This teaser for an announced forthcoming documentary tags the TL one of the “sketchiest” in the
world city, which kind of irks me the way calling it “colorful” or “crackhead-y” does. Yes, there is a lot of down-and-out going on there, and it’s not the “safest” place in San Francisco.
As the teaser also shows, though, there are bold characters living there. Characters doing shit. Crazy shit? Yes, most of the time. But it’s action-packed, as the folks stuck there try to squeeze some amount of pleasure from their daily circumstances.
The documentary follows the creation of an epic mural by renowned local artist Mona Caron celebrating the neighborhood that map makers like to omit and most SFers try to avoid.
UPDATE: Film is screening March 8, 2011, 7 p.m. – Bay Area Women in Film & Media (BAWIFM) Annual Shorts Showcase in celebration of International Women’s Day. Hobart Building, 582 Market St., San Francisco, CA. Get tickets.
The visionaries who saved Times Square have decided to lend their beneficence to our fair city, and show us once and for all how only “the will to enforce common norms of public behavior” can clean up areas like the Haight-Ashbury, ridding it of the gutter-punks and pit bulls.
But in the process, our Doms have to deliver some tough love, especially to those employed by “Homelessness, Inc.” here in the city. Yes, Daddy, we’ve been very bad. Hurt us! Give us what we deserve! We don’t want to hear that the solution to every civic problem is incarceration, but my, we do NEED to hear it.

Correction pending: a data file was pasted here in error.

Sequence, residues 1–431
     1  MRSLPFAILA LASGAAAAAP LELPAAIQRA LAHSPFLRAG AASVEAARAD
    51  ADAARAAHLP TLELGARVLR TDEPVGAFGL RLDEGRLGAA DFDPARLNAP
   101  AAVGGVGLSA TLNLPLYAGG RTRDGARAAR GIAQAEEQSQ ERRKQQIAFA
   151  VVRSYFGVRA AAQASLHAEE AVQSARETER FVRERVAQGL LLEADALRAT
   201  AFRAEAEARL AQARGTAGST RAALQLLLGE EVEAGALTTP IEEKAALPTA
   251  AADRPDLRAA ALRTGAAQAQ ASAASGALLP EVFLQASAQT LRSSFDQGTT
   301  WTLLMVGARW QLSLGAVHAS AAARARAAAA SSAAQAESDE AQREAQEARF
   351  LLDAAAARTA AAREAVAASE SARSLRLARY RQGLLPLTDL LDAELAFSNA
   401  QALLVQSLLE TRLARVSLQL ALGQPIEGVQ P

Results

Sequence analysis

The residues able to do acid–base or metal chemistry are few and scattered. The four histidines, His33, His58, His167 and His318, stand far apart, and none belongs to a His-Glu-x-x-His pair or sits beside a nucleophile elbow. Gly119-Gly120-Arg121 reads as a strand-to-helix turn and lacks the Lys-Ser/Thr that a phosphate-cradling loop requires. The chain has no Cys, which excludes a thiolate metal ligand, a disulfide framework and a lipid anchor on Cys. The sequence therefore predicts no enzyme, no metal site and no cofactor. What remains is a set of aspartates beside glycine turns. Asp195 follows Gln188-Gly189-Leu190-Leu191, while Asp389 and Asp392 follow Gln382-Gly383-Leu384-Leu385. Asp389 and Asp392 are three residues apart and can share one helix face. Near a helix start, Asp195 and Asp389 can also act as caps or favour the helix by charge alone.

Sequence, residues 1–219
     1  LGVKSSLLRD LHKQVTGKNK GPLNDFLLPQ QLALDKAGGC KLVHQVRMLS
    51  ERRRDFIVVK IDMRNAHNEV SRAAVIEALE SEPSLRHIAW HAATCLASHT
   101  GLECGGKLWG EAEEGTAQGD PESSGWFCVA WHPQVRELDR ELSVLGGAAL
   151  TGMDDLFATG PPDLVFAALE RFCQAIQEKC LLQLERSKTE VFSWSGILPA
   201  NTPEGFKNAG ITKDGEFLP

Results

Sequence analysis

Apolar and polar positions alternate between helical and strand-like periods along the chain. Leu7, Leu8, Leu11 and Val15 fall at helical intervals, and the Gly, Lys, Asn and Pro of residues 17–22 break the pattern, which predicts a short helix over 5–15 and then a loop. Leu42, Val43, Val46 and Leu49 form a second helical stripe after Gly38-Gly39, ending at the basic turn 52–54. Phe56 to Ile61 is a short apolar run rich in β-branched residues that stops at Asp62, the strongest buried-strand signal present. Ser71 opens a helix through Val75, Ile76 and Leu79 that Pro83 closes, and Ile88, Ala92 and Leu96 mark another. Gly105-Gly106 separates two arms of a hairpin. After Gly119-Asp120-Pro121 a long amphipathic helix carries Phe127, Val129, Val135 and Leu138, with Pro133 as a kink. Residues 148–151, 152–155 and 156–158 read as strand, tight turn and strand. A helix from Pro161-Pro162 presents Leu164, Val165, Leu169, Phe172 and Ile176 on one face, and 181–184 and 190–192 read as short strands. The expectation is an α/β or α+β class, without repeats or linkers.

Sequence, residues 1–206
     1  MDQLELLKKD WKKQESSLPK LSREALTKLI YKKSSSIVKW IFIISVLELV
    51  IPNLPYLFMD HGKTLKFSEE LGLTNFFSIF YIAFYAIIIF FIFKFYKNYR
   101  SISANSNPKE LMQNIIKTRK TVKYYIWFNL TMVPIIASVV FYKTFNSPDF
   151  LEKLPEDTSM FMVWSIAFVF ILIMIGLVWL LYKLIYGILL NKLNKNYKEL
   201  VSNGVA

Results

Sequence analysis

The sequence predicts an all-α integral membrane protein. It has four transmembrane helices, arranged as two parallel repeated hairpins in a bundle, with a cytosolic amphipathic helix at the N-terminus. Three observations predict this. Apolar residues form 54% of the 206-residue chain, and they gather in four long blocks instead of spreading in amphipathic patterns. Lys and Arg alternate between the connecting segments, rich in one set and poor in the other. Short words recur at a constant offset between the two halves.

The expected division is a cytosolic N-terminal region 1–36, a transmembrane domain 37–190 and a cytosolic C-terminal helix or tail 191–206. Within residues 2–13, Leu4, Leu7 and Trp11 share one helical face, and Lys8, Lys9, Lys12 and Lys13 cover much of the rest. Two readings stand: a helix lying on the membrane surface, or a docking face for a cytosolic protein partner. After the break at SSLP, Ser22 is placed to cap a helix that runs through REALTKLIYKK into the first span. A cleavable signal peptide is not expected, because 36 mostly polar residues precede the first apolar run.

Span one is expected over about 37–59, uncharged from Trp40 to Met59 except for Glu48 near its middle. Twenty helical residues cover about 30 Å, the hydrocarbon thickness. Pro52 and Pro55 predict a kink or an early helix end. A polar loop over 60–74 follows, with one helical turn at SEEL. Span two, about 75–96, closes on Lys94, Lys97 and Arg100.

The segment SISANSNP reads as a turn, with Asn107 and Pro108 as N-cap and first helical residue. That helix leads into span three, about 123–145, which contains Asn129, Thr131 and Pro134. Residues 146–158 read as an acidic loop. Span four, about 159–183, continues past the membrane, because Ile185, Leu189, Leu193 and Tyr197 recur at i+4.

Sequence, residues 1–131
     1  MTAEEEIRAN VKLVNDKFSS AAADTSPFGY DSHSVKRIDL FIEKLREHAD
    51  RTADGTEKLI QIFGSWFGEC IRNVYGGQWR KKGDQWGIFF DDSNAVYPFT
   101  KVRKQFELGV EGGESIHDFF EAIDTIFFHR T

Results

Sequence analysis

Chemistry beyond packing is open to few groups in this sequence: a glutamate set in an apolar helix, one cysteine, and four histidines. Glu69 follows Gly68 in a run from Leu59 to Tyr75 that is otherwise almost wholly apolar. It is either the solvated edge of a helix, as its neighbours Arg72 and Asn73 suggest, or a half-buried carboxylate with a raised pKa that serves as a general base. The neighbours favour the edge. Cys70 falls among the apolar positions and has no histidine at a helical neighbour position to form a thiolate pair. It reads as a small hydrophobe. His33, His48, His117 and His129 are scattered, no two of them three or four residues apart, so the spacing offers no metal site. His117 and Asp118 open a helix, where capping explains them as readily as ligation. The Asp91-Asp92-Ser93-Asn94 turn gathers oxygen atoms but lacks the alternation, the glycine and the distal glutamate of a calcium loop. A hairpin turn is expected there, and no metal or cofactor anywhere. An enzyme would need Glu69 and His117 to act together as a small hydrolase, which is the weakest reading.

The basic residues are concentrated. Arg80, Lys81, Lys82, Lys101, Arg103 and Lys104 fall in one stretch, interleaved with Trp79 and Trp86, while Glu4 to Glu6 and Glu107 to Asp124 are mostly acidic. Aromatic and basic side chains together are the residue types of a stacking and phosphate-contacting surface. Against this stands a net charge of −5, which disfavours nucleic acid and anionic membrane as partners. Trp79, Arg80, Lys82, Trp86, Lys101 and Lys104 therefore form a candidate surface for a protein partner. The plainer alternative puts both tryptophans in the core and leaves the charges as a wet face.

One of the more precious quotes in the article suggests our reward if we obey:
Police officials and local entrepreneurs speak wistfully of the transformation of New York’s Times Square, and they still hope that it could happen here [in the Tenderloin].
They do prescribe one non-police action to achieve this shopper’s utopia:
Perhaps, too, such public passivity in the face of crime owes to the city’s lack of a tabloid newspaper; in New York, such grisly events, which were common in the early 1990s, sparked widespread outrage in no small part because papers like the New York Post made them front-page news.
Tenderblog thinks so:
First off, where are the black neighborhoods? The Loin has been rather ignored. Fillmore is just part of Lower Pacific Heights. Western Addition is non-existent. Then there’s Hunter’s Point which has no “clever” tongue in cheek comment to it and is just colored black in what I assume is some allusion to there being blacks that live there… I realize that 7×7′s audience (if there actually is one) is just poshy, clueless ass clowns, but still, this is pretty blatant and is more than just an oversight, but more reflection of the artist and the magazine’s views of this supposed rainbow city.
Hmm. Also odd is that the Marina District isn’t on the map, which seems to be where a lot of the magazine’s readers would reside.
Nothing gives me a hankering for ice cream espresso sausage like doing the laundry!
(Submitted by S. Scott Ethersmith)
Uploaded by Eric Fischer
Hot damn, look at those McAllister and O’Farrell spurs. Fun to think how different certain neighborhoods would be if this plan were enacted as drafted.